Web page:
Lt. Gen. Mark Hertling discusses the changing role of the U.S. military in Europe.
MAINZ, Germany -- More than 20 years after the end of the Cold War, the U.S. military is fighting a new battle in Europe.
Their enemies? Drug-runners, weapons smugglers and human traffickers.
The Joint Interagency Counter Trafficking Center (JICTC) is a task force based at U.S. European Command (EUCOM) in the picturesque rolling hills of southern Germany.
It helps U.S. government agencies and their international counterparts confront the criminal groups behind the illicit trade in narcotics, guns and people.
'Dismantle the drug flow'
U.S. and European officials say the drug business bankrolls many terrorist and criminal organizations. Last year, the Obama administration launched a new strategy to combat "transnational organized crime."
Europe is an attractive location for the narcotics trade. Experts say that cocaine sells for four to five times its U.S. street value and consumption has been on the rise in central Europe.
"This is not 'Miami Vice' in Europe," Brig. Gen. Mark Scraba, director of JICTC, told NBC News. "But our organization is being modeled off of the Joint Interagency Task Force South, out of Key West Florida, which has been in existence for about 25 years, with focus on South America, where they team with law enforcement officials to disrupt and dismantle the drug flow going into the United States.
"One of the big issues in Europe is that the volume of cocaine consumption has doubled between 2009 and 2011."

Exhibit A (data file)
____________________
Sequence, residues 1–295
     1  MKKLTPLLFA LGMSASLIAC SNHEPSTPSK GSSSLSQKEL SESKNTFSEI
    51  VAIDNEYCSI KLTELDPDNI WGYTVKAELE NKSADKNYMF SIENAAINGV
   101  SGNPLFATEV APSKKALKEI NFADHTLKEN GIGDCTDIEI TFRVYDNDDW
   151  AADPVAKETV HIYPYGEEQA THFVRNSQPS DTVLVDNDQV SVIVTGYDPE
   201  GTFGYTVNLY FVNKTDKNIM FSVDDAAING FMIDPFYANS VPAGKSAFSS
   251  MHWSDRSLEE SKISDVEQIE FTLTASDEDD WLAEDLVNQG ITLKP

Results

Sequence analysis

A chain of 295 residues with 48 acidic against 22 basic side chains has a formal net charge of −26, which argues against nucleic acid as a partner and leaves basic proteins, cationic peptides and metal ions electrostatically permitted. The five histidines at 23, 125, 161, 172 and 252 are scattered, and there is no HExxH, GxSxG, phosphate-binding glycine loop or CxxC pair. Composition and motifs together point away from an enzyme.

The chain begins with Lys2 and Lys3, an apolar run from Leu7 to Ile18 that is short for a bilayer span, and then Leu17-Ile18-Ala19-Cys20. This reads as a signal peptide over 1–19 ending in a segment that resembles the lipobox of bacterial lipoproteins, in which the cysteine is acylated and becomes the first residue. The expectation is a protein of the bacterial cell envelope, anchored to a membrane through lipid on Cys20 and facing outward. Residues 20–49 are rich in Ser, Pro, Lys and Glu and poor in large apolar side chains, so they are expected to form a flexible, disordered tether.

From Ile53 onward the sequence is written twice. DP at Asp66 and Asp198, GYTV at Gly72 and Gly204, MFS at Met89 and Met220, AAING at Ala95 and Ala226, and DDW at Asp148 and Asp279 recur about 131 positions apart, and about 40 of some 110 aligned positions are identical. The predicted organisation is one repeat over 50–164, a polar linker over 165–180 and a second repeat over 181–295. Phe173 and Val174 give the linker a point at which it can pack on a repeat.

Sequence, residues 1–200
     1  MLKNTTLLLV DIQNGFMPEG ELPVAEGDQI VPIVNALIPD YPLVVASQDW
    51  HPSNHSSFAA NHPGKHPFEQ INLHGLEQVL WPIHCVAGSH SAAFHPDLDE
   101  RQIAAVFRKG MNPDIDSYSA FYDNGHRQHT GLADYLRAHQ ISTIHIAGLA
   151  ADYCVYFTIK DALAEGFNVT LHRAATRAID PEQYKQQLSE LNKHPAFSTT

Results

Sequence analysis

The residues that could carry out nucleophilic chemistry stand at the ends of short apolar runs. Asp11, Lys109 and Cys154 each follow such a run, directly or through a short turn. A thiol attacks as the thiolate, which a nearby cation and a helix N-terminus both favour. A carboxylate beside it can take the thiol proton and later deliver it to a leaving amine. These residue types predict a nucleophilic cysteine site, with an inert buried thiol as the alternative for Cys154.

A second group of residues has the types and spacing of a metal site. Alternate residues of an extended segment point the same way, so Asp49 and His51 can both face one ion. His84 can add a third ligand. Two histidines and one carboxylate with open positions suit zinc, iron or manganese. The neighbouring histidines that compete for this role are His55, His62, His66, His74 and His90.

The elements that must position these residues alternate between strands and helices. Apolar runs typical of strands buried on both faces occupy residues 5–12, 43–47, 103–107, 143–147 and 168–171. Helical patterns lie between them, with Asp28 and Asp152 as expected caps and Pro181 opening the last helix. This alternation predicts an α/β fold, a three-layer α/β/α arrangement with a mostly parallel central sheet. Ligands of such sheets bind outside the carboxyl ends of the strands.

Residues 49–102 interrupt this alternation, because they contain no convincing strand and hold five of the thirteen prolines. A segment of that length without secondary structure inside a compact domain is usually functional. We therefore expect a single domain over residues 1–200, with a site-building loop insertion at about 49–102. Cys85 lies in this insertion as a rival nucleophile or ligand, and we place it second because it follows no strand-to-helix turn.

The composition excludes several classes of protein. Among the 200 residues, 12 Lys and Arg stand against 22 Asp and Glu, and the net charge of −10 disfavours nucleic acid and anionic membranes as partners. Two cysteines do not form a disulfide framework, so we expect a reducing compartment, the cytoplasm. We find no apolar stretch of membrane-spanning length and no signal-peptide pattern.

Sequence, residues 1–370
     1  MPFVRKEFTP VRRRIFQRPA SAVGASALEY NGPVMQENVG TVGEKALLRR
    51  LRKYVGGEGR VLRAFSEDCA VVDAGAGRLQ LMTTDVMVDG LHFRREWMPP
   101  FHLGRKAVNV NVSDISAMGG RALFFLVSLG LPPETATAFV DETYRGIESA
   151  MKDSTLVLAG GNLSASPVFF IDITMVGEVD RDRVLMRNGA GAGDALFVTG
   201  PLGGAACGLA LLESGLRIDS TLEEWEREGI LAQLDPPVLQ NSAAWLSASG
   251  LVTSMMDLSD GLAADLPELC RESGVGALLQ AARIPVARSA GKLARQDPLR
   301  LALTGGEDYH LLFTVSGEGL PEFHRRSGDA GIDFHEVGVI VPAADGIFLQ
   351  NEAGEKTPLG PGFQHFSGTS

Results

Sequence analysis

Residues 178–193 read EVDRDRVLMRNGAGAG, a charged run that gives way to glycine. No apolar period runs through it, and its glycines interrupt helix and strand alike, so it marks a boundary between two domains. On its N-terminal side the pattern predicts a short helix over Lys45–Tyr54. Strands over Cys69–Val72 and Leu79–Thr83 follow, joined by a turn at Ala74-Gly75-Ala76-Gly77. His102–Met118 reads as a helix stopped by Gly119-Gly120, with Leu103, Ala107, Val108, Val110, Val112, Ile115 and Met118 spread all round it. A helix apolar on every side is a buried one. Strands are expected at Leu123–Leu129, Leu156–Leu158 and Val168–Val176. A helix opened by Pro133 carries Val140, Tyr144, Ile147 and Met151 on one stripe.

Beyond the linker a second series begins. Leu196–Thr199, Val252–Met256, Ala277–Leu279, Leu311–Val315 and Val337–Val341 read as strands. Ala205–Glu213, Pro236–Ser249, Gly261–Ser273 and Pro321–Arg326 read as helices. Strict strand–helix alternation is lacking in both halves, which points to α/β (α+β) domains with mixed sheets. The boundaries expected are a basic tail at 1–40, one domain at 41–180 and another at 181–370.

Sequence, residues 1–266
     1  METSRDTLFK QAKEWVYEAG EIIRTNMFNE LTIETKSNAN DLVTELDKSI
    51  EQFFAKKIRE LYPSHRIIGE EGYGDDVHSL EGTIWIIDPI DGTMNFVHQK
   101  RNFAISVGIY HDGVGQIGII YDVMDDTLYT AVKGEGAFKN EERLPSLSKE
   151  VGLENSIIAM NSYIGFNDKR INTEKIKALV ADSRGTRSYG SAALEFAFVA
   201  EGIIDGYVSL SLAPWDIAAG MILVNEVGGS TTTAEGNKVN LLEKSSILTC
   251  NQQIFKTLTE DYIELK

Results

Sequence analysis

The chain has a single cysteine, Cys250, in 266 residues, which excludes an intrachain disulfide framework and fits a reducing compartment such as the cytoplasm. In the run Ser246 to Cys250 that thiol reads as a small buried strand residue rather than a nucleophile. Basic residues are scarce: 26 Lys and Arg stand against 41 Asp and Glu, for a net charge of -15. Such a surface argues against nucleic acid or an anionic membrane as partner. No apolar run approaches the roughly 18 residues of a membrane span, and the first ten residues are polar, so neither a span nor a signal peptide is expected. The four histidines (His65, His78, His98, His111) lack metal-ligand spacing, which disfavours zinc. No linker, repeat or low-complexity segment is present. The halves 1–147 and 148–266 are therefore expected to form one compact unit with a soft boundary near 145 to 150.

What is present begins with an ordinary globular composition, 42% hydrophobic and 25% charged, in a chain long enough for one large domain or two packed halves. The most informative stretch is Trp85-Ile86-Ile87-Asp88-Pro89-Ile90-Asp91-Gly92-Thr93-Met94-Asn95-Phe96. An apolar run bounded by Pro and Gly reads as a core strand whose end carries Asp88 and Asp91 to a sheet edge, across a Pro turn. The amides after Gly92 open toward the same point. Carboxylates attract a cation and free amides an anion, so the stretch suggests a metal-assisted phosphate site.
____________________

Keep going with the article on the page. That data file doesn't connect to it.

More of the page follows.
A U.S. government fact sheet released last year highlighted that "29 of the 63 top drug trafficking organizations identified by the Department of Justice had links to terrorist organizations."
According to the United Nations Office of Drugs and Crime's 2011 World Drug Report, the Taliban in Afghanistan made more than $150 million in 2009 through the sale of opium. That same year, the U.N. estimated that more than 80 tons of Afghan heroin reached Central and Western Europe, and about another 100 tons transited through Central Asia to Russia.
"Latest statistics show that the global opiate market was valued at $68 billion in 2009 and I have seen recent figures that are far above that," Scraba told NBC News.
With its 40 staff members, including representatives from the FBI, the Drug Enforcement Agency, customs and border protection officials and the U.S. Treasury, the JICTC leverages existing military structures from the Patch Barracks in Stuttgart. JICTC was formally established in September.
"We sometimes compare ourselves to a small mom-and-pop shop, but in fact are a very efficient organization, as we have reach-back capabilities and capacities to those far larger U.S. organizations that have a similar focus," Scraba added.
The U.S. military has provided intelligence data, logistical support and non-lethal equipment for counter-trafficking operations for years -- but until recently their primary focuses had been Latin America and Afghanistan.
While actual raids -- as well as searches, seizures and arrests -- are mainly led and conducted by law enforcement agencies, the U.S. military's air and maritime surveillance capabilities help to monitor and detect suspected traffickers.